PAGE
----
Flexible thinking can be difficult for both children and adults. Seeing things from another person’s point of view is difficult if this function is poorly developed. Shifting gears, so to speak, from one activity to another can also be overwhelming when this skill is undeveloped, especially if the first task is incomplete. Weakness in this functioning skill can also hinder the acceptance of a substitute teacher or moving to a new home.
Working memory allows a person to remember steps for a task. In early years, remembering more than one or two steps is not developmentally possible. As with physical growth, working memory growth should improve with age. A continued weakness in this skill will make it hard to follow more than a couple of steps on an assignment. Repetition of the instructions alone does not seem to help the person to remember those steps. Further teaching and coaching in this skill area can help provide methods to deal with a weak working memory.
Self-monitoring refers to the ability to evaluate how one is doing on an assignment or project. One who struggles with this skill may think they are making the appropriate strides on an assignment when in fact they are not. After a term of incomplete assignments, a failing grade will come as a complete surprise. Assistance with making checklists is one way to help anyone improve their self-monitoring skills.
Planning and Prioritizing
Planning and prioritizing goes hand in hand with self-monitoring. A person who lacks these skills has a problem figuring out which parts of a project are the most important. They are not able to put together a plan that will meet deadlines. This becomes more of a dilemma when projects in middle school and high school become more detailed and lengthy. The student may be working on one part of the assignment, but completely miss a more important part.
Task initiation helps a person get started on a task. A person who struggles with this function will just “freeze up” or “spin their wheels” instead of just getting started on an assignment. They may feel overwhelmed with thoughts of the whole project and cannot see how to break it into manageable parts. Ways to motivate initiation can be taught with a study coach’s expertise.
The organization function helps a person keep track of things like homework, scheduling, and personal belongings. People who have a hard time with this skill may often lose or forget objects and appointments. They may not be able to figure out how to put things away in an organized spot. Students with this problem sometimes can have a desk full of finished assignments that were never submitted to the teacher. Lack of this skill can be labeled laziness as an adult, and can influence the way co-workers think of the person.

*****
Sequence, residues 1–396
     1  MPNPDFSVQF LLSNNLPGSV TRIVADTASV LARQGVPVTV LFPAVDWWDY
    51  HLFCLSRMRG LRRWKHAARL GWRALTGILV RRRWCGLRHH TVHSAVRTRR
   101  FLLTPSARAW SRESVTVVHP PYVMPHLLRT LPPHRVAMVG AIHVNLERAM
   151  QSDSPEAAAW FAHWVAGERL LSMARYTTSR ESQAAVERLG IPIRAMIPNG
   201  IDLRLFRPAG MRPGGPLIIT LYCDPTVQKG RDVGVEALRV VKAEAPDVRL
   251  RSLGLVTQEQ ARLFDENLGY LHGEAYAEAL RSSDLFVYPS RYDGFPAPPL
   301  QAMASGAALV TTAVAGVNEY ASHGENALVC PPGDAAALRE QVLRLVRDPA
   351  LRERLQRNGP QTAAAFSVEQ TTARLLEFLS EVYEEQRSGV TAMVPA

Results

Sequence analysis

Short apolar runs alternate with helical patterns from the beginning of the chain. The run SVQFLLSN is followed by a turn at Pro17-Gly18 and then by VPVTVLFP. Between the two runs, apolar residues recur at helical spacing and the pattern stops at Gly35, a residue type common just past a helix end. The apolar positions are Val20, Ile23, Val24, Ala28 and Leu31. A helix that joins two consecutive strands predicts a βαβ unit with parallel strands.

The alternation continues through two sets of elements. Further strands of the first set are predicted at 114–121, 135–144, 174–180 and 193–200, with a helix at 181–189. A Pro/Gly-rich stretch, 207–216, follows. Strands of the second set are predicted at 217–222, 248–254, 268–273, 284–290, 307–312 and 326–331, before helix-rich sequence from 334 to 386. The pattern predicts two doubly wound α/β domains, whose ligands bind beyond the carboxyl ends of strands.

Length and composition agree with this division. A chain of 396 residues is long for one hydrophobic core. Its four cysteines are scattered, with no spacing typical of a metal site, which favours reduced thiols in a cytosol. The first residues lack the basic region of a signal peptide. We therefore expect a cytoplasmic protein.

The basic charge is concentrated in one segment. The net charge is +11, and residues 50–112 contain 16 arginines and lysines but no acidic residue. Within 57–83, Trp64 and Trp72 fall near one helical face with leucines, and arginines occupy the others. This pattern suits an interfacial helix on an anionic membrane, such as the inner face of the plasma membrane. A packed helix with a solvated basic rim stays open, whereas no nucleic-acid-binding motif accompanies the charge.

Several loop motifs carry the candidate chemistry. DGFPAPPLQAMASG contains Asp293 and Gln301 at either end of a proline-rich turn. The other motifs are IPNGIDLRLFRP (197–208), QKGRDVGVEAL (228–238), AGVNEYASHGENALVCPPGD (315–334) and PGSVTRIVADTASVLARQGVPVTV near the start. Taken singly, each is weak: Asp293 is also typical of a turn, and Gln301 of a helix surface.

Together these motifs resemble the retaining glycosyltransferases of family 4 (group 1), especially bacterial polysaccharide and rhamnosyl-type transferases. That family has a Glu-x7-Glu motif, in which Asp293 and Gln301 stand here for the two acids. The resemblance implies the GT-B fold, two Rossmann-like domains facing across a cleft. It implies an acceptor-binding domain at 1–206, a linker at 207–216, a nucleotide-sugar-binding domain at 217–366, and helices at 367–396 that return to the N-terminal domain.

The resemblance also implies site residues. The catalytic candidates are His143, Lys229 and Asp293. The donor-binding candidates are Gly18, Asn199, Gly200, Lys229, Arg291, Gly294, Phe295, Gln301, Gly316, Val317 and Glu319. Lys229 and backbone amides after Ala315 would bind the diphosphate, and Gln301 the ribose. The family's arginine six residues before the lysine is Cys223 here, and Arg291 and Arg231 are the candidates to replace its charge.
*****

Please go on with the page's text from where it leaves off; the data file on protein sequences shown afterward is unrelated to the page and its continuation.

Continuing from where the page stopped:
Attention Deficit and Hyperactivity Disorder Show Similar Symptoms
Often, difficulty with executive function skills, known as Executive Function Disorder (EFD) is hard to distinguish from ADHD, or Attention Deficit and Hyperactivity Disorder. Larry Silver, M.D., in his article for ADDitude newsletter “Is it Exectuve Function Disorder (EFD) or ADHD?” lists the steps of executive functions as follows:
- Analyze a task
- Plan how to address the task
- Organize the steps needed to carry out the task
- Develop timelines for completing the task
- Adjust or shift the steps, if needed, to complete the task
- Complete the task in a timely way
Whether someone is diagnosed with EFD or ADHD, the development of executive functions remains difficult for the student, parents, and teachers. As students, they may not be able to adequately plan for an assignment’s completion, for example. Organizing the parts of an assignment can be very difficult for them to carry out. They may need help creating a time-line and a checklist for each step. Being able to adjust the steps in order to complete the assignment on time will also need some coaching.
Parents can get frustrated with their children because assignments pile up. The student can get frustrated with the process of homework and not do it at all. Teachers deal with the same type of frustrations. In most cases, the student wastes a lot of time in class avoiding the work. Getting organized and started is a crucial part of the effort, and this is where good coaching can facilitate improvement.
Dawson and Guare Developed Reference Table
Defining executive functions has been a topic of discussion for many years. In 2004, Dawson and Guare developed the following reference table that breaks it down into more detailed skill areas.
Whether executive functioning skills are broken into a list of three, six, eight, or eleven, it is important that these skills be addressed. Having a grasp on these executive functions is essential to live and thrive successfully in society. Having a working memory, inhibitory control, and mental flexibility comes easy for most, but others need to be taught and coached by professionals. These skills are expected in individuals who want to function successfully in society, and therefore those who do not have these skills developed will continue to encounter difficulty in their tasks.
Coaching and Tutoring
The one-on-one coaching available through Third Space Mentors, found via the link below this paragraph, is a great place to start. The program will assess each student’s strengths and weaknesses. A specific program will then be developed to meet their individual needs. The introduction of models, strategies, tools and coaching that empower students to overcome challenges will enable the student to flourish.
Frustration does not have to be constant: contact our trained, tutoring professionals and get the answers you need:
Harvard University’s Center on the Developing Child. “Why Executive Function Is So Important for Your Child.” www.understood.org/en/learning-attention-issues
Amanda Morin. Understood.org. “At a Glance: 8 Key Executive Functions.”
Larry Silver, M.D. ADDitude. “Is It Executive Function Disorder (EFD) or ADHD?” www.additudemag.com/adhd/article/7051
Dawson and Guare. “Executive Skills: 11 Skill Areas.” http://mosaiceducation.ca